By Josh Christianson, Project Director, Partnership for Employment and Accessible Technology (PEAT)
Ideas and insights flowed rapidly throughout this year’s M-Enabling Summit, the global industry conference that promotes accessible technologies and environments for older adults and persons with disabilities. The Partnership for Employment & Accessible Technology (PEAT) team enjoyed taking part again as both speakers and attendees. Right out of the gate, the event had us thinking about our mission in a brand-new way, with an emphasis on one surprising word: octopus.
That’s right. Octopus. During the event’s kickoff keynote, Yuval Wagner, President and Founder of Access Israel, encouraged us to think about change management from the standpoint of that tentacled sea creature. Around us, he explained, is an ocean of awareness, and each leg of the octopus is an agent of change. By approaching behavioral change through that eight-pronged lens, he said, “we have the possibility and the power to create an accessible world from day one.”
And indeed, over the course of the M-Enabling Summit, we had the opportunity to make waves in the ocean of awareness and learn from diverse experts and advocates in the accessible technology field.
When PEAT team members moderate panels at M-Enabling, we always end up doing far more learning than speaking. Here’s a snapshot of the sessions we led:
PEAT Project Director Josh Christianson moderated a power-packed panel exploring how universally-designed technology can create a productive and diverse talent pool. Speakers included:
- Deborah Kaplan, Section 508 Policy Lead in the Office of the CIO at the U.S. Department of Health and Human Services;
- Sharron Rush, Executive Director of Knowbility;
- Mike May, President and CEO of The Lighthouse for the Blind Inc.;
- Nishith Pathak, Vice President, R & D Lead for Accessibility at Accenture; and
- John Sullivan, Director of the Information Resources Management Division at the S. General Services Administration.
The panel offered insights into what’s needed to bring about true workforce inclusion. As Deborah remarked, “If you focus on just compliance, you lose track of what you are trying to do: make tech usable for everyone. We should make products that delight people.” And to delight and empower all tech users, companies should seek out employees with disabilities in technology-related fields. As Sharron asserted: they can contribute “creativity and innovation that [they] use in daily life.” Panelists and audience members engaged in a discussion about securing buy-in for these ideas, including at the senior level, in talent management, and with all employee orientations.
During a second PEAT-led panel, Communications Consultant Emily Ladau moderated a lively discussion on how people with disabilities, businesses, and social media companies can work collaboratively to foster accessible online spaces. In turn, this effort installs a powerful channel for eRecruiting and lets jobseekers with disabilities know that a company’s virtual doors are open to them. Speakers included:
- Ty D’Amore, Marketing Director at AudioEye;
- Gian Wild, CEO of Accessibility Oz; and
- Debra Ruh, CEO and Founder of Ruh Global Communications.
The session included a practical discussion of tips for using social media in accessible ways, which PEAT has also explored in this tipsheet.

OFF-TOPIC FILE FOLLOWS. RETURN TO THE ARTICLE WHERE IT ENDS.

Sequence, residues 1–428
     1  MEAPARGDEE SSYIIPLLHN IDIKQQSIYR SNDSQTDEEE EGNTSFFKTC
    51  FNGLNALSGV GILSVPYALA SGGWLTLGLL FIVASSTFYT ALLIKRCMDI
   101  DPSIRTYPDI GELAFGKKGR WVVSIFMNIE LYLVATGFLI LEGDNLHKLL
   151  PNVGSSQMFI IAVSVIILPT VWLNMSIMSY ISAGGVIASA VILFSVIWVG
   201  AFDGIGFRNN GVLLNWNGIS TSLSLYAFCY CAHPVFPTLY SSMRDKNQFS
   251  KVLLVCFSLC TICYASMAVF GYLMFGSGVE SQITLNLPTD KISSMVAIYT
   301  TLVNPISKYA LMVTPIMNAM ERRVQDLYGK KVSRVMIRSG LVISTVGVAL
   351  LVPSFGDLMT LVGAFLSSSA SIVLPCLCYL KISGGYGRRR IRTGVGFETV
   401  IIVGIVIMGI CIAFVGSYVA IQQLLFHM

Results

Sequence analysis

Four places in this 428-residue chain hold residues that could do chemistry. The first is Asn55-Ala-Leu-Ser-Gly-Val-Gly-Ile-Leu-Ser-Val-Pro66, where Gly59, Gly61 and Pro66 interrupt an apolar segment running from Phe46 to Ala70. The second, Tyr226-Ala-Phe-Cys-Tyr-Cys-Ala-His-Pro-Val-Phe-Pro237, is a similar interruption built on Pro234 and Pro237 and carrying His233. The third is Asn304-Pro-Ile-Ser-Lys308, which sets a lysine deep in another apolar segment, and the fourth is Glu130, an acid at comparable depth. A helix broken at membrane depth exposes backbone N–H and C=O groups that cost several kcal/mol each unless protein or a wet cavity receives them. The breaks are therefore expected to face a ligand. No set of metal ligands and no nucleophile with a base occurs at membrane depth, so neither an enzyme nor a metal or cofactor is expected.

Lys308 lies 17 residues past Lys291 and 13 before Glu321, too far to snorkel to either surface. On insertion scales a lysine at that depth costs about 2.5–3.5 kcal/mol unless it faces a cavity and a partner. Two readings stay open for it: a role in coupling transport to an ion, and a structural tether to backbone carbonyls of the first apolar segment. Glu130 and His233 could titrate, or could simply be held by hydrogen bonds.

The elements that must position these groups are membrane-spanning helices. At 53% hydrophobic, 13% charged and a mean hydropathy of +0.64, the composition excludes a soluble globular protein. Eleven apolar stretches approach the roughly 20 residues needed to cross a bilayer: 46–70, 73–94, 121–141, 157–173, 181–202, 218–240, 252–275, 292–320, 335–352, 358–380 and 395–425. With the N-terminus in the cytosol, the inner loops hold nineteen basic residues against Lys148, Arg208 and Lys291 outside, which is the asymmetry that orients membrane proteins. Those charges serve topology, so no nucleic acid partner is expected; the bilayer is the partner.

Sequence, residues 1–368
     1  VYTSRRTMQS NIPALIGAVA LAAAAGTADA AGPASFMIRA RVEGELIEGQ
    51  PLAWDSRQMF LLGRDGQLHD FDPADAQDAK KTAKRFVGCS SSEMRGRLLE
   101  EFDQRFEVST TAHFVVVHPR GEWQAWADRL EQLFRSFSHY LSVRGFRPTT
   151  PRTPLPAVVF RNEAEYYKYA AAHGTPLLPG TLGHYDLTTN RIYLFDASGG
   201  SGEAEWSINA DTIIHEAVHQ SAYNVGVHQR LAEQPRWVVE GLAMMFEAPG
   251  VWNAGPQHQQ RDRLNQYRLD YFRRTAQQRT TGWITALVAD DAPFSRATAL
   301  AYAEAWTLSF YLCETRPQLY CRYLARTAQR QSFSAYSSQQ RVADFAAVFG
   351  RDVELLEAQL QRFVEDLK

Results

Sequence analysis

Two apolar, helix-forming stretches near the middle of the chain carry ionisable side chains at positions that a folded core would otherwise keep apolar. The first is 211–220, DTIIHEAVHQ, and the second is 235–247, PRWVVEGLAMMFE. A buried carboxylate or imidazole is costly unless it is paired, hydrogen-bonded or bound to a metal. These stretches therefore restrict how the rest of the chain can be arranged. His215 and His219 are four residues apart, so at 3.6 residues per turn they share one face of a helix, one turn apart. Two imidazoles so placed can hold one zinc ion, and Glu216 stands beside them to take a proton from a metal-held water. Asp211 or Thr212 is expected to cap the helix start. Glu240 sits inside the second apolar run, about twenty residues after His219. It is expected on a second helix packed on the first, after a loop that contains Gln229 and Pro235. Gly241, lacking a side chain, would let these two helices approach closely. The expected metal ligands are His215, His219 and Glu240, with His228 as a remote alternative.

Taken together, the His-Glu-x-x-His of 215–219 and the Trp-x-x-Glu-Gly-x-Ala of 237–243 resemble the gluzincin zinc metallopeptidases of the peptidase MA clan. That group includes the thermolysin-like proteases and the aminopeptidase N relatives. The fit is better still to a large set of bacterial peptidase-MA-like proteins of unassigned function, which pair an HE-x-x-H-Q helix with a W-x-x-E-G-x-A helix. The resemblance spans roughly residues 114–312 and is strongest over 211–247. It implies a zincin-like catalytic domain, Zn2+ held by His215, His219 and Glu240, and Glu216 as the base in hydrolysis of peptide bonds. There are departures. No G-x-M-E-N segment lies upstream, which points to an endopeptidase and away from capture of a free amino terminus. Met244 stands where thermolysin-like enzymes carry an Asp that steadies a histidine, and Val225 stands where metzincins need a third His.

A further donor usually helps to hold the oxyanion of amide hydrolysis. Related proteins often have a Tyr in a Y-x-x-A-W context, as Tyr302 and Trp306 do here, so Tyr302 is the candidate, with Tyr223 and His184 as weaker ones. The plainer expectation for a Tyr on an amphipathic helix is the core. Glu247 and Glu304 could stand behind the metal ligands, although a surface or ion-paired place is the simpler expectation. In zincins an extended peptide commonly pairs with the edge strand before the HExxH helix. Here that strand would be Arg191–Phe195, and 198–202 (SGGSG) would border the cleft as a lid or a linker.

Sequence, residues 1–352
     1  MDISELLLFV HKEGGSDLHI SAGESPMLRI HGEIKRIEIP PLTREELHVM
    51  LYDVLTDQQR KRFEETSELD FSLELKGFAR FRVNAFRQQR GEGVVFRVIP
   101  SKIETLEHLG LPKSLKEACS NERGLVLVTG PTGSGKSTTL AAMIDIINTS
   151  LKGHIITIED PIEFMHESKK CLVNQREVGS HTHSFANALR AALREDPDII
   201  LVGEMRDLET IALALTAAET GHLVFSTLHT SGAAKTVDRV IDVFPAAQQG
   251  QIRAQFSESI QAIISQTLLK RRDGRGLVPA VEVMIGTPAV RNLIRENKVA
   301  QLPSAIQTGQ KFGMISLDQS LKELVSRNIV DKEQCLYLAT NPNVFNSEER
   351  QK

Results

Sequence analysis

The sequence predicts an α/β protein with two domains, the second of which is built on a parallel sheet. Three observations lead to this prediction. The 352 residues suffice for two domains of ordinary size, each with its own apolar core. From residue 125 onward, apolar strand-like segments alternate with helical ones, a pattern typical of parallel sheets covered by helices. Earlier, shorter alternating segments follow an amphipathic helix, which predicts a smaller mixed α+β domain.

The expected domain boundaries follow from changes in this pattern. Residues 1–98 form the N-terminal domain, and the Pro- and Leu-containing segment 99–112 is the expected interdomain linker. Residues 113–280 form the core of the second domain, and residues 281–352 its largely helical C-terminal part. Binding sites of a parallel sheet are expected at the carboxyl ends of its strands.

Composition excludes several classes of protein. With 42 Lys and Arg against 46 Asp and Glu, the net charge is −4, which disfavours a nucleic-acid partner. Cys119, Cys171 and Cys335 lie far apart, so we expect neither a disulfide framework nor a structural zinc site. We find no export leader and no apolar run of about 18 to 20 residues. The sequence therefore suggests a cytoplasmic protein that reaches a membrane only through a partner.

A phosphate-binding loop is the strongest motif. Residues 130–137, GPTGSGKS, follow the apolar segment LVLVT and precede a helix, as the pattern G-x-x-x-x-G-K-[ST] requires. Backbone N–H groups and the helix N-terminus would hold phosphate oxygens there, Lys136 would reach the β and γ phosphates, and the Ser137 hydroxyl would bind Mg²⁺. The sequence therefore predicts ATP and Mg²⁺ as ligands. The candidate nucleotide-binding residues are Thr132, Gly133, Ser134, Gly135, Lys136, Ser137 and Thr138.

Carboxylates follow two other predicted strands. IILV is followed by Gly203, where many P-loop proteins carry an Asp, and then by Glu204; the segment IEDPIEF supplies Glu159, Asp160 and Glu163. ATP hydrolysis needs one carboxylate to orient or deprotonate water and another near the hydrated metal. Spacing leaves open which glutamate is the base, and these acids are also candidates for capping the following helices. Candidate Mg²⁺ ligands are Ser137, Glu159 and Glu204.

Designing for Everyone and Making the Business Case
From artificial intelligence to tech developer solutions to automated vehicles, M-Enabling 2017 featured more compelling discussions than we can recount. Here are two sessions that stood out to us this year.
In the first, Expedia shared their case study demonstrating that making accessibility a design priority from the outset is key to building an accessible future. After acquiring Travelocity in 2014, a company that had a settlement agreement with the National Federation of the Blind, Expedia embarked on a journey to make its website fully accessible. Through this process, the company came to the realization that the most productive way to think about accessibility is to incorporate it into the folds of their culture and embrace universal design. In the end, it saves both money and time.
Another highlight was a panel moderated by Frances West, Founding Principal of Frances West Co. The panel focused on the business case for accessibility, which is not only about conserving resources, but also tapping the immense value that people with disabilities bring to the table. As panelist Pat Romzek of Cisco Systems emphasized, “life experience is not a disability, it’s an advantage.”
Tentacles of Change
Each panel at this year’s event brimmed with passion and new perspectives on creating a culture of accessibility. The PEAT team left inspired to be a tentacle of change in pursuit of more accessible workplaces. As Microsoft Chief Accessibility Officer Jenny Lay-Flurrie reminded attendees during a plenary session, building our future is what this is all about.
So, we’ll be “thinking like an octopus” as we continue to empower people with disabilities to let their workplace talents shine in the coming year—and we look forward to collaborating with other like-minded agents of change in the world of accessibility.
About the Author
Josh Christianson is PEAT’s Project Director, overseeing its day-to-day activities and strategic initiatives. Prior to his role with PEAT, Josh worked at Deloitte Consulting, leading change management, technology and human capital initiatives at the Department of Health & Human Services as well as the Department of Veterans Affairs.
Editor’s Note: This blog was cross-posted from the Partnership on Employment & Accessible Training.